Objectives: This study aimed to test whether athlete-specific, bioelectrical, impedance-based equations to estimate fat-free mass (FFM) could be more accurate than generalized equations when testing resistance-trained exercisers. Methods: A total of 50 resistance-trained men (age 30.9 ± 7.4 y; body mass index: 25.3 ± 2.2 kg/m2) and 20 men from the general population (age 29.9 ± 9.1 y; body mass index: 22.8 ± 2.4 kg/m2) underwent bioelectrical impedance and dual-energy x-ray absorptiometry (DXA) evaluations. FFM was derived by one bioelectrical impedance-based equation specific for athletes and three generalized equations, all developed with foot-to-hand bioimpedance technologies at a 50 kHz frequency. DXA was the reference method for the FFM assessment. Results: Compared with DXA, when assessing the resistance-trained participants, the athletic-specific equation had neither mean (–0.89 kg; P = 0.789) or proportional bias (r = –0.104; P = 0.474) with a coefficient of determination equal to R2 = 0.91. In contrast, the three generalized predictive equations overestimated FFM (range, 4.11–5.37 kg; P < 0.05) with R2 ranging from 0.84 to 0.90. The athletic-specific equation underestimated FFM in the general population participants (–2.93 kg; P < 0.05). Conclusions: When assessing body composition in resistance-trained exercisers, specific equations for athletes should be preferred to generalized ones to avoid an overestimation in FFM. Furthermore, athlete-specific and generalized formulas cannot be used interchangeably, even when assessing body composition in the general population.

Comparison of generalized and athletic bioimpedance-based predictive equations for estimating fat-free mass in resistance-trained exercisers / F. Campa, C. Matias, F. Teixeira, J. Reis, M. Valamatos, G. Coratella, C. Monteiro. - In: NUTRITION. - ISSN 0899-9007. - 102:(2022 Oct), pp. 111694.1-111694.6. [10.1016/j.nut.2022.111694]

Comparison of generalized and athletic bioimpedance-based predictive equations for estimating fat-free mass in resistance-trained exercisers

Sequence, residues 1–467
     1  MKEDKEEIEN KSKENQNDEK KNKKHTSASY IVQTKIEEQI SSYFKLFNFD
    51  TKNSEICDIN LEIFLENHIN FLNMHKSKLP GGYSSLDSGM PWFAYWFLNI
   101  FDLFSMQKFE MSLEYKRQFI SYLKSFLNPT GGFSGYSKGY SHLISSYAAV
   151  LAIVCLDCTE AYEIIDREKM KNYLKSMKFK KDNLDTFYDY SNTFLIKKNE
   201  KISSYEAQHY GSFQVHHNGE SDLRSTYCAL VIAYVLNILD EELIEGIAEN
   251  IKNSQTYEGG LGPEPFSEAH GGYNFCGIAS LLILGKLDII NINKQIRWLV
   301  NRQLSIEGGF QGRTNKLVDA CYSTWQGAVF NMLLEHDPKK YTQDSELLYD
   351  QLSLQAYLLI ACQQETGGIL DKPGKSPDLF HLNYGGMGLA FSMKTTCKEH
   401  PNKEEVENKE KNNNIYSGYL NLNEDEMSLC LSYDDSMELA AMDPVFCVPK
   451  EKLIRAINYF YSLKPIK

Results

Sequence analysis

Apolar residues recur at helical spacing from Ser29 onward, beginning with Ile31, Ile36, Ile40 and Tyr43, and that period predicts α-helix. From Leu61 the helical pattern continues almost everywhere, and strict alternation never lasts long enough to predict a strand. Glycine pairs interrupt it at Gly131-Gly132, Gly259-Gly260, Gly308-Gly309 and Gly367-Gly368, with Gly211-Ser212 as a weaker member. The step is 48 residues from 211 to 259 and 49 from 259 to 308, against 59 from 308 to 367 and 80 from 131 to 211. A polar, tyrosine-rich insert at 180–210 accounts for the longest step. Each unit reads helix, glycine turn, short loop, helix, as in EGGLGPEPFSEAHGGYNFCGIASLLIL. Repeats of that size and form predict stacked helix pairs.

G. Coratella
Penultimo
;
2022

Abstract

Objectives: This study aimed to test whether athlete-specific, bioelectrical, impedance-based equations to estimate fat-free mass (FFM) could be more accurate than generalized equations when testing resistance-trained exercisers. Methods: A total of 50 resistance-trained men (age 30.9 ± 7.4 y; body mass index: 25.3 ± 2.2 kg/m2) and 20 men from the general population (age 29.9 ± 9.1 y; body mass index: 22.8 ± 2.4 kg/m2) underwent bioelectrical impedance and dual-energy x-ray absorptiometry (DXA) evaluations. FFM was derived by one bioelectrical impedance-based equation specific for athletes and three generalized equations, all developed with foot-to-hand bioimpedance technologies at a 50 kHz frequency. DXA was the reference method for the FFM assessment. Results: Compared with DXA, when assessing the resistance-trained participants, the athletic-specific equation had neither mean (–0.89 kg; P = 0.789) or proportional bias (r = –0.104; P = 0.474) with a coefficient of determination equal to R2 = 0.91. In contrast, the three generalized predictive equations overestimated FFM (range, 4.11–5.37 kg; P < 0.05) with R2 ranging from 0.84 to 0.90. The athletic-specific equation underestimated FFM in the general population participants (–2.93 kg; P < 0.05). Conclusions: When assessing body composition in resistance-trained exercisers, specific equations for athletes should be preferred to generalized ones to avoid an overestimation in FFM. Furthermore, athlete-specific and generalized formulas cannot be used interchangeably, even when assessing body composition in the general population.
BIA; BIVA; fat-free mass; predictive equations
Settore M-EDF/02 - Metodi e Didattiche delle Attivita' Sportive
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Utilizza questo identificativo per citare o creare un link a questo documento: https://hdl.handle.net/2434/933806
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